How Many Are Too Many?
Analyzing Dockless Bikesharing Systems with a Parsimonious Model
Marco Nie, Ph.D.
April 22, 2022
12:00 PM – 1:00 PM EDT
Using a parsimonious model, this study analyzes a dockless bikesharing (DLB) system in a city, where the DLB service competes with walking and a generic motorized mode. The DLB system operator chooses a fleet size and a fare schedule that dictates the utility of its service. The access time to the service—a crucial component in the utility—is modeled as a function of the number of unique bike locations, which is estimated from the number of idle bikes through an empirical relationship. The market equilibrium is formulated as a solution to a nonlinear equation system, over which three design problems are formulated to maximize respectively (i) profit; (ii) ridership; and (iii) social welfare. We calibrate the model against empirical data collected in Chengdu, China, and test three counterfactual strategies, each for one of the three design problems. We find: (i) the current fleet limit set by Chengdu should be cut by at least 50% to avoid severe oversupply and waste; (ii) maximizing ridership keeps the fare at an affordable level to maintain revenue neutrality while raising ridership and social welfare close to system optimum; (iii) for a regulator seeking to influence the DLB operator for social good, the choice of policy instruments depends on the operator’s objective. When it focuses on profit, limiting price is a much more effective policy than limiting fleet size. If, instead, the operator aims to grow its market share, then setting a limit on fleet size becomes a dominant strategy.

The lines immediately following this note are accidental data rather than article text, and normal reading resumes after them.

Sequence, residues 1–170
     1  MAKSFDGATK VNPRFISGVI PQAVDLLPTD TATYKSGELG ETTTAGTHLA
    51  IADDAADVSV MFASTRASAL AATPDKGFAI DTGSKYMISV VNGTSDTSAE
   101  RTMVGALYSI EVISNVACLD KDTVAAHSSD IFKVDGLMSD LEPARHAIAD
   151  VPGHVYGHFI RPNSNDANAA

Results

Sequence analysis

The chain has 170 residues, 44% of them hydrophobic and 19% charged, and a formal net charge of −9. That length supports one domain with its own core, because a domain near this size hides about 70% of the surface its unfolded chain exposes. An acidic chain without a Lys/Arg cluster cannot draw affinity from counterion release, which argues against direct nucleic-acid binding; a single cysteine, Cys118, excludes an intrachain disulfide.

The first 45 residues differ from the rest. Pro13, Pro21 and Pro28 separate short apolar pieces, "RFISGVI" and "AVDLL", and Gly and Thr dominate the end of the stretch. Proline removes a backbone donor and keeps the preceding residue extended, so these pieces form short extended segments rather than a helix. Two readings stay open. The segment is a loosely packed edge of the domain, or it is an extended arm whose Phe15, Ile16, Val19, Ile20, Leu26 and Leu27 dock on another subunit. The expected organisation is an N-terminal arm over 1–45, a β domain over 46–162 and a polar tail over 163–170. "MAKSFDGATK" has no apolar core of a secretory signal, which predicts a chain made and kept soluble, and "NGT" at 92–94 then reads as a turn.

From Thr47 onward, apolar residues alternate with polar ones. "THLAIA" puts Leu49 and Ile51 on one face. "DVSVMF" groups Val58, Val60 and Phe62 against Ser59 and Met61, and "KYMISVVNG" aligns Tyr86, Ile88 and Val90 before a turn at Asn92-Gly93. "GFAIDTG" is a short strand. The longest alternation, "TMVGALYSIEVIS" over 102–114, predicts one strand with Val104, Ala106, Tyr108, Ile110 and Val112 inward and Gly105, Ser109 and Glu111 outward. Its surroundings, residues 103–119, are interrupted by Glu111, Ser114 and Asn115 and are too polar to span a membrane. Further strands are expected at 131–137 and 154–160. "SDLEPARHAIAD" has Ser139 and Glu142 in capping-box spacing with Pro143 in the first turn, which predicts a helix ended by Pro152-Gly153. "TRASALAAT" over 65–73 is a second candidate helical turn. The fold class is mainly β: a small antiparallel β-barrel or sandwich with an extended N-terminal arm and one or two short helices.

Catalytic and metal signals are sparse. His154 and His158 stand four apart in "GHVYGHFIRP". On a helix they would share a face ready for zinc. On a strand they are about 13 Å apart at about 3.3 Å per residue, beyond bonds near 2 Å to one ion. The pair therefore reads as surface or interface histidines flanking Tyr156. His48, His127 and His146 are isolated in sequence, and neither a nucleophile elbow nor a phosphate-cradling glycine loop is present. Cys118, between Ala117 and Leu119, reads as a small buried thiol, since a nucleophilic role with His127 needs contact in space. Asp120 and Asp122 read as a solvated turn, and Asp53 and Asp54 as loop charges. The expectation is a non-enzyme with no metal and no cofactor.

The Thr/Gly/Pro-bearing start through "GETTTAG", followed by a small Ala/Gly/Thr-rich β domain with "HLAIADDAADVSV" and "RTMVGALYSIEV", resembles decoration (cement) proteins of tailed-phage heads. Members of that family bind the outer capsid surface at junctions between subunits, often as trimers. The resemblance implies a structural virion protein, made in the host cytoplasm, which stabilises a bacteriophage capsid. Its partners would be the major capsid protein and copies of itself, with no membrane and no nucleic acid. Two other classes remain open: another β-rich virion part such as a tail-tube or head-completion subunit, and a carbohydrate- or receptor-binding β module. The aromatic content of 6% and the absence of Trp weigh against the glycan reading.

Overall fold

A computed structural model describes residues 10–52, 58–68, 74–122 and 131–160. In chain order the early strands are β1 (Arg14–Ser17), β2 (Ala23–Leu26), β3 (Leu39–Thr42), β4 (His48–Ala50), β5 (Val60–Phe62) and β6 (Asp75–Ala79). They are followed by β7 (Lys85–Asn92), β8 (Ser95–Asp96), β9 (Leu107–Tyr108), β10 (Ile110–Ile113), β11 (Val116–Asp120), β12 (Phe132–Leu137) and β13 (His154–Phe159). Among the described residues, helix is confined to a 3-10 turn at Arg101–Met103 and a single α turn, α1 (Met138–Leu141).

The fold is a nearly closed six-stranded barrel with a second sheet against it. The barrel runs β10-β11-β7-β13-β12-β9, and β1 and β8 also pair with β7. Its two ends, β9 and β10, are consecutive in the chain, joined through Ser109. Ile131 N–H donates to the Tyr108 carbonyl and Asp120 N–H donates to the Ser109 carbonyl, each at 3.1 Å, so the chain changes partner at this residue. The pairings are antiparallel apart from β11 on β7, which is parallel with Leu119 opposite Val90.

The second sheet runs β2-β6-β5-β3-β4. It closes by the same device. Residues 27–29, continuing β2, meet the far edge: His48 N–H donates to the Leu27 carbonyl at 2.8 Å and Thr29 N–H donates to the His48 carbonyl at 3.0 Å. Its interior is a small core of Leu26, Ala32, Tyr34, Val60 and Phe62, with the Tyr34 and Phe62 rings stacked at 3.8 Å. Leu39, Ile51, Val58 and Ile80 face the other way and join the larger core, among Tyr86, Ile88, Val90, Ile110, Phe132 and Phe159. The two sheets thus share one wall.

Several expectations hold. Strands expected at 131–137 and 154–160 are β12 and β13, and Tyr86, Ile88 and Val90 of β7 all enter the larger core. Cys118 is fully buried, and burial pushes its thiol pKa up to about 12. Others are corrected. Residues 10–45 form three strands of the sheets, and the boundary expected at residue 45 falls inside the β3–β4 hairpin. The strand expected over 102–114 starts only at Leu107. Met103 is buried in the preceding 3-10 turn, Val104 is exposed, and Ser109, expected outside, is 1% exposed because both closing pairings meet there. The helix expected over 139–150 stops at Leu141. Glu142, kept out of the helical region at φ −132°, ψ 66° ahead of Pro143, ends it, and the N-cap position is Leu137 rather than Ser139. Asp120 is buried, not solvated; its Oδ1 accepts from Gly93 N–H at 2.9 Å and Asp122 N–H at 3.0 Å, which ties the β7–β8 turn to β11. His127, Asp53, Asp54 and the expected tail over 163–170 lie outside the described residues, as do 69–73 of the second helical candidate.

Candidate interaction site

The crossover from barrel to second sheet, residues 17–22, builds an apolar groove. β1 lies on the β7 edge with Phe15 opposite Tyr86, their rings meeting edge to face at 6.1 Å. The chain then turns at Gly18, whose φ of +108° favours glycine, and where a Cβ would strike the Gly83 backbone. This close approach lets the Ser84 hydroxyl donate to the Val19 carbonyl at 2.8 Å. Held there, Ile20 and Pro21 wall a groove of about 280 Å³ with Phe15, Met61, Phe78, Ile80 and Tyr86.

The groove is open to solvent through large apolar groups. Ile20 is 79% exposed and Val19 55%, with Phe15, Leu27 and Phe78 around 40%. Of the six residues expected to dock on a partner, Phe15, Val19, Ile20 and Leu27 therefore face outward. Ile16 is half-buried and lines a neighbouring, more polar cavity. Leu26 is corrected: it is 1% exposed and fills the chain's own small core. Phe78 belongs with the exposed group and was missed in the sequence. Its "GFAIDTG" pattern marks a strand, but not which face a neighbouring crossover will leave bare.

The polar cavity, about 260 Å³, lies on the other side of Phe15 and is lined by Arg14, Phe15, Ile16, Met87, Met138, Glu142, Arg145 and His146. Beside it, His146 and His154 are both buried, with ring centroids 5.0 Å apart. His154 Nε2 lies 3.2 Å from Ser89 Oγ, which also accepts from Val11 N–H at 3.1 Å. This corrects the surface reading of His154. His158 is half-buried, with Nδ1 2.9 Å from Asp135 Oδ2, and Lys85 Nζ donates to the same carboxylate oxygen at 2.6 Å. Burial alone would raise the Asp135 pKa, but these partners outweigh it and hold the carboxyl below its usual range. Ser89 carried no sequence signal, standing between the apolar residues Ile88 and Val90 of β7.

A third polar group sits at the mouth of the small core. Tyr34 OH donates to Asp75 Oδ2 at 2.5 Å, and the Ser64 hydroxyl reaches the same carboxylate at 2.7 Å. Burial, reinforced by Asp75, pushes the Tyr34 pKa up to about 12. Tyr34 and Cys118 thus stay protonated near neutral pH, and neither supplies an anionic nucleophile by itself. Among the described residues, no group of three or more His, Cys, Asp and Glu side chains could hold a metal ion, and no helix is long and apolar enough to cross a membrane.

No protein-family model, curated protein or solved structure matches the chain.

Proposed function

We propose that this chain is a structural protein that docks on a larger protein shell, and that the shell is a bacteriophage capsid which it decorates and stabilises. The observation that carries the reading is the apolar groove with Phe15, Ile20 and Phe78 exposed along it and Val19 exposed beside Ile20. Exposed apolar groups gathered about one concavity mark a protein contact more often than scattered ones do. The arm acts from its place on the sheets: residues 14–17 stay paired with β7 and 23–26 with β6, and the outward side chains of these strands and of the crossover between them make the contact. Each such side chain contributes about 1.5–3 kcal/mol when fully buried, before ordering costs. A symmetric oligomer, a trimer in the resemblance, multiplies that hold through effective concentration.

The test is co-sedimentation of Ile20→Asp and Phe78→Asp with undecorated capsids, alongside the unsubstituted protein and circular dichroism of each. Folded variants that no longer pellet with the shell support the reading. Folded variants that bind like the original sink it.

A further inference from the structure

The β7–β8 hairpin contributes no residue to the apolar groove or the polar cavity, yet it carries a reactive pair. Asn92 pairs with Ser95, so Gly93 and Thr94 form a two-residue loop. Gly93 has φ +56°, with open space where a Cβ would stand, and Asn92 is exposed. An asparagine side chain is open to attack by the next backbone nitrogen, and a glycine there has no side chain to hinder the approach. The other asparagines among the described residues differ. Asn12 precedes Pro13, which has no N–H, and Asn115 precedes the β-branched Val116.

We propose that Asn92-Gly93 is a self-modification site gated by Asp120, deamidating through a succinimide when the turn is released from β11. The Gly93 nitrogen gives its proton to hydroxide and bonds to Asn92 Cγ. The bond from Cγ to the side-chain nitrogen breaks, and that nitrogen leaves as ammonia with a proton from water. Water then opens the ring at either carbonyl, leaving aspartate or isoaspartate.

Marco Nie, Ph.D. is currently a professor of civil and environmental engineering at Northwestern University. He received his B.S. in structural engineering from Tsinghua University, his M.S. from National University of Singapore, and his Ph.D. from the University of California, Davis. Dr. Nie’s research covers a variety of topics in the areas of transportation systems analysis, transportation economics, and sustainable transportation. Dr. Nie had served as a member of the TRB committees on Transportation Network Modeling and Traffic flow Theory and Characteristics. He is currently an Associate Editor for Transportation Science, an Area Editor for Networks and Spatial Economics, and a member of the Editorial Advisory Board for Transportmetrica-B and Transportation Research Part B. Dr. Nie’s research has been supported by National Science Foundation, Transportation Research Board, US Department of Transportation, US Department of Energy, and Illinois Department of Transportation.